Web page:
FASTER state spending, slower inflation and robust overseas remittances are seen to boost economic growth this semester, according to the latest joint assessment by the First Metro Investment Corp. (FMIC) and the University of Asia and the Pacific (UA&P).

In their Market Call report published Friday, FMIC and UA&P said they expect manufacturing sector to improve in the coming months and spending on infrastructure and construction to “strongly bounce back” this semester.

“We believe that PH growth will improve significantly in the last two quarters of the year as we expect National Government (NG) spending to ramp up in H2-2019. Softer inflation and higher peso equivalent of the remittances should also drive further economic activity,” the report stated.

“We see huge spending on infrastructures and capital outlays during the 3rd and 4th quarters of 2019 (i.e., DPWH projects). Besides, NG still enjoys more than enough fiscal space remaining until the end of the year,” it added.

Overall, they said gross domestic product (GDP) growth might settle in the lower part of their 6-6.5% forecast range for the year.

Top government officials on Tuesday said they are seeing a pick up in August expenditures and positive growth for the rest of the year following big disbursements in July and the usual behavior of spending to “grow very fast” in the last quarter.

Latest available data showed government spending in July picked up by 3.43% to P339.4 billion from a year ago but the cumulative spending in the first seven months was still down by 0.11% at P1.93 trillion in the same comparative periods.

Economic managers and economists have blamed the first half’s slower-than-expected 5.5% GDP growth to the four-month 2019 budget delay and the National election ban in May which left projects unfunded, especially infrastructure ones.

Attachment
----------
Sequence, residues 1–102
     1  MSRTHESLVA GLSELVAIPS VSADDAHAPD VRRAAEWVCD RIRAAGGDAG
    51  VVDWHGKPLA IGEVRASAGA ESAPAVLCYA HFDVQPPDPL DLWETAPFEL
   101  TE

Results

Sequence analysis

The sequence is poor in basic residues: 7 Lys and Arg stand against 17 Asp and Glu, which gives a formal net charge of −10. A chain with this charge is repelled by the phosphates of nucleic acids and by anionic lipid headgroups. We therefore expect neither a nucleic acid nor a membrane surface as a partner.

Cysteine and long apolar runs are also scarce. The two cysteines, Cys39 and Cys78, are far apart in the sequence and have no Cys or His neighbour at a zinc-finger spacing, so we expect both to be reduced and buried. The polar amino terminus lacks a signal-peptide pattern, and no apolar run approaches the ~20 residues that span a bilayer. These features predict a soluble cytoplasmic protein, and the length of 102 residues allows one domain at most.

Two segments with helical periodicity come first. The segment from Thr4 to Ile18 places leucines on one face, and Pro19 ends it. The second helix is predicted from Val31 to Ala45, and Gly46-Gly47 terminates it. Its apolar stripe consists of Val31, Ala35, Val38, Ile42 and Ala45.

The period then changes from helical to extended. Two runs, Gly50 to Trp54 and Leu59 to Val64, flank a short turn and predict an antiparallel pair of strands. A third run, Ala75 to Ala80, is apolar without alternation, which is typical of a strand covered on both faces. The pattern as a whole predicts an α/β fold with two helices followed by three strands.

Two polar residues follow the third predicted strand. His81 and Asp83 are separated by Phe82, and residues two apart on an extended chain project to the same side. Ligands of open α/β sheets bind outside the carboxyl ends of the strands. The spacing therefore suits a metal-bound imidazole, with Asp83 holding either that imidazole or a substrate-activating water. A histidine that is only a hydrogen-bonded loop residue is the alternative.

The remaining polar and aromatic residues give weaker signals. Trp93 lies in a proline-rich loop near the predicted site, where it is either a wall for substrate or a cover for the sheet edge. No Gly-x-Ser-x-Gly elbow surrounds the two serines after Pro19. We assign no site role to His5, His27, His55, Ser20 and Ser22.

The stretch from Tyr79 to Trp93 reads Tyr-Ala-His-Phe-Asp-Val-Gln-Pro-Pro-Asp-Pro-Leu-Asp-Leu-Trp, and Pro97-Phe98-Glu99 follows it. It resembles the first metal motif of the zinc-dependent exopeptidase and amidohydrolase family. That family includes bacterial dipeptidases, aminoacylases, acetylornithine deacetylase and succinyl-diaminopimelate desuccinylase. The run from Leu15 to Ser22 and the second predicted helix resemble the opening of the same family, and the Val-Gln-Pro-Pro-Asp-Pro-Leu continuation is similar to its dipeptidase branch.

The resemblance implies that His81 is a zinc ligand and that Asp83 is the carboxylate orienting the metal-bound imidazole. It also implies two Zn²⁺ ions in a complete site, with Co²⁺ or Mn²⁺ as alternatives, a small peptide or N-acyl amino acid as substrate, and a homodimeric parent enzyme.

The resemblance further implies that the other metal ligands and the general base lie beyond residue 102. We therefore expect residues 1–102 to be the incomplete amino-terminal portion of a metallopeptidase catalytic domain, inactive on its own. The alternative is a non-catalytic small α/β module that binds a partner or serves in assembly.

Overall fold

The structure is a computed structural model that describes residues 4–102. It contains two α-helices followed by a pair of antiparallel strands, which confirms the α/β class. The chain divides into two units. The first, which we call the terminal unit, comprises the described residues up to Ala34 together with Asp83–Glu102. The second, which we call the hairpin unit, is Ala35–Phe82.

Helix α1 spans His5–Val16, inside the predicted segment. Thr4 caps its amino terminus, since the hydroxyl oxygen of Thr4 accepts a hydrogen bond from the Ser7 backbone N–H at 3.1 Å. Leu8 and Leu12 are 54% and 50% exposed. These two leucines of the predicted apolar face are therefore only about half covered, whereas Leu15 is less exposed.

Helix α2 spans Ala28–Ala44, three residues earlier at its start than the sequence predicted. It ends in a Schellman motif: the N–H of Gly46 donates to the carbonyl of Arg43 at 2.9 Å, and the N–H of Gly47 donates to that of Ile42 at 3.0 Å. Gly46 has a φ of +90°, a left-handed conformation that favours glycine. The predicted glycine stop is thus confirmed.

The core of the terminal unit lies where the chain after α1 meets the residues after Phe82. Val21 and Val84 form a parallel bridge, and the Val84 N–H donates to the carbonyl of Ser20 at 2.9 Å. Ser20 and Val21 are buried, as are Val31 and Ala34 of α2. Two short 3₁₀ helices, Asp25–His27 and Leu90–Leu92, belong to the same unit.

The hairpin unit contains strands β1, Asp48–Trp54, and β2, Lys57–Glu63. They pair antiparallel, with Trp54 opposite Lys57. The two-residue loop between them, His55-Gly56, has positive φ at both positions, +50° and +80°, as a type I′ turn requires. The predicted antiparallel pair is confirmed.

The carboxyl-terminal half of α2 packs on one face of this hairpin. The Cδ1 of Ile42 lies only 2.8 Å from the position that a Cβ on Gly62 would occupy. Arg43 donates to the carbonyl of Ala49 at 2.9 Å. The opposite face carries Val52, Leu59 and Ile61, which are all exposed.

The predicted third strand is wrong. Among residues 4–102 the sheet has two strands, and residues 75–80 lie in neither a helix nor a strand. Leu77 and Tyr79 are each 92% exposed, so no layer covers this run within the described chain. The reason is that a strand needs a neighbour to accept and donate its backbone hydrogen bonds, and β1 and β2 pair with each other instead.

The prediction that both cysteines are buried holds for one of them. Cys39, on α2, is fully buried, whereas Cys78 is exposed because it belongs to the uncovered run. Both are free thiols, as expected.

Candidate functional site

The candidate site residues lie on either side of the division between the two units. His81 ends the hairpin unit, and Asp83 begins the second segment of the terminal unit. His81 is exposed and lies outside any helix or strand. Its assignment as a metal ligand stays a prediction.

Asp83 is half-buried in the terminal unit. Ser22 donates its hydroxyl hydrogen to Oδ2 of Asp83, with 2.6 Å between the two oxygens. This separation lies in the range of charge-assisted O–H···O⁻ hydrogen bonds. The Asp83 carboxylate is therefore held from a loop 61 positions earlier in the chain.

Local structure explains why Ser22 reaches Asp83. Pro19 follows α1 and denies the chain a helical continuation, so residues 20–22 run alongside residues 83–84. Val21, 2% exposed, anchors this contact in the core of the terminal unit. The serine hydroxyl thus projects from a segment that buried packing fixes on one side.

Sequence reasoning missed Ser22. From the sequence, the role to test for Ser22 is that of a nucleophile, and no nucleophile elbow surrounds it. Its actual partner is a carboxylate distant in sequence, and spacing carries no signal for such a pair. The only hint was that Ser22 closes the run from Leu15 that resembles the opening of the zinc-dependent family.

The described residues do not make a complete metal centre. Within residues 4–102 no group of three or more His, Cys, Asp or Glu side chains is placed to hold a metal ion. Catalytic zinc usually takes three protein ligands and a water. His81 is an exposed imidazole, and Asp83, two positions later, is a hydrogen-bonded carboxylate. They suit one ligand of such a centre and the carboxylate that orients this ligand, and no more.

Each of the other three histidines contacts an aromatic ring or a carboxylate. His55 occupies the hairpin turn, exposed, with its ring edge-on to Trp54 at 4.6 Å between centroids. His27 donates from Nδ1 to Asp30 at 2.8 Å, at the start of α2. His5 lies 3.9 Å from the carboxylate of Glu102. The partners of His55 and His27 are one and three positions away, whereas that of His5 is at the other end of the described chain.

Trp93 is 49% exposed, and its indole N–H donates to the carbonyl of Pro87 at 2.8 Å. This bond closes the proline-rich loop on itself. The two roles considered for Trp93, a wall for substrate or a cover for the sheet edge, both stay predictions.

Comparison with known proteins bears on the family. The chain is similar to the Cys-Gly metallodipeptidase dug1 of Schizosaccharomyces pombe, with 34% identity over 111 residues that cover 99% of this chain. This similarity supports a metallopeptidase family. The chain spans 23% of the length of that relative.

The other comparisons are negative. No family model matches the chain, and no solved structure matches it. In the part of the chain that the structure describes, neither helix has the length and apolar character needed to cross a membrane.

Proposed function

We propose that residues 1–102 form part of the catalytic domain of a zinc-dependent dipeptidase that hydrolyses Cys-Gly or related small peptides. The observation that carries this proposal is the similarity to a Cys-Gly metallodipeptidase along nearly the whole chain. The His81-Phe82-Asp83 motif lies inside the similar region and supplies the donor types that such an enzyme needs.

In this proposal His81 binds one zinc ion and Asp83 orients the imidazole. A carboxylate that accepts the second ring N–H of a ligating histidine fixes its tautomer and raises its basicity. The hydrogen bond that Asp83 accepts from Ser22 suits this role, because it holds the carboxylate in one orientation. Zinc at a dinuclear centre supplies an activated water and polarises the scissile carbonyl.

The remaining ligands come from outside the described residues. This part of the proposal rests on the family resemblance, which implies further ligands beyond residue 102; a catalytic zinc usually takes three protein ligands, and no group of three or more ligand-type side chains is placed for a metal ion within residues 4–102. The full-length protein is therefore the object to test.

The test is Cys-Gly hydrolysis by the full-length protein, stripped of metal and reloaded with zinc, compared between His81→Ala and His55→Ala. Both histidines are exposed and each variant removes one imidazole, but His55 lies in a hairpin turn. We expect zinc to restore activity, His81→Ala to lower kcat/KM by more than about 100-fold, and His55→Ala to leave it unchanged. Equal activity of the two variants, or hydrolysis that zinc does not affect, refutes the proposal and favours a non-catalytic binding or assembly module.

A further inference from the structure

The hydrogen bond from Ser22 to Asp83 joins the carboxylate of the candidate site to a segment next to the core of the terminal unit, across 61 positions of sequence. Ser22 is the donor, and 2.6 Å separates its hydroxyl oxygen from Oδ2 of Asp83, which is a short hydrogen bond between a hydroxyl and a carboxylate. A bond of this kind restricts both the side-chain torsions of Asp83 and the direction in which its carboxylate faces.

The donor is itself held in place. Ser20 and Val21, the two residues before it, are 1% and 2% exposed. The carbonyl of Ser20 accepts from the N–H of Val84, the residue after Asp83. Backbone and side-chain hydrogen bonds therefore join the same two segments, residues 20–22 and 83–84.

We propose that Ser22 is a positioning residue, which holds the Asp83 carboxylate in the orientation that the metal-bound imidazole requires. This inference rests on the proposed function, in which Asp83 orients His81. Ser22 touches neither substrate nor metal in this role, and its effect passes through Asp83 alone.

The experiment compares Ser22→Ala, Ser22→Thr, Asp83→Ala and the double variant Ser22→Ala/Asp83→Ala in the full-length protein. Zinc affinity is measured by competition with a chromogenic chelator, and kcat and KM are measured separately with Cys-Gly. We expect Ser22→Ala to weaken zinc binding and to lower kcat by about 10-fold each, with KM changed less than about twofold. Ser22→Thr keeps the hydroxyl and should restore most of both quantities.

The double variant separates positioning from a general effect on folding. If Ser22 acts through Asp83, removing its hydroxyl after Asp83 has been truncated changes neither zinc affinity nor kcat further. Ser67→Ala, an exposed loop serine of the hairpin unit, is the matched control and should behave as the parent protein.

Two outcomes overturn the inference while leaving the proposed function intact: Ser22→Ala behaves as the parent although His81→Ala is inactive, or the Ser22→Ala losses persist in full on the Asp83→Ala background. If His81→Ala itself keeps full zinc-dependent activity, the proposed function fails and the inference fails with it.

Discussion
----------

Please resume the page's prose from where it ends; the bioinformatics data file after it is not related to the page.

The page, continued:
FMIC and UA&P said consumer spending will likewise increase for the rest of the year following easing inflation and higher overseas remittances.

Meanwhile, the analysts expect August headline inflation to settle below the 2% mark due to “slower upticks” in goods, lower oil prices and electricity rates on a downward trend and even less than 1.5% by October.

Headline inflation eased to a 31-month low of 2.4% in July, also slower than the 2.7% in June. In the first seven months, inflation averaged 3.3%, past the midpoint of the central bank’s 2-4% target range and still above the downward-revised 2.6% full-year forecast.

The Bangko Sentral ng Pilipinas (BSP) is also expected to further slash its policy rate by 25 basis points (bp) and banks’ reserve requirement ratio (RRR) by 200 bps following dovish remarks from the central bank chief, they added.

Last Tuesday, BSP Governor Benjamin E. Diokno said the market can expect another 25-bp cut in benchmark rates within the year and a possible RRR cut before the Monetary Board’s Sept. 26 policy meeting. — Beatrice M. Laforga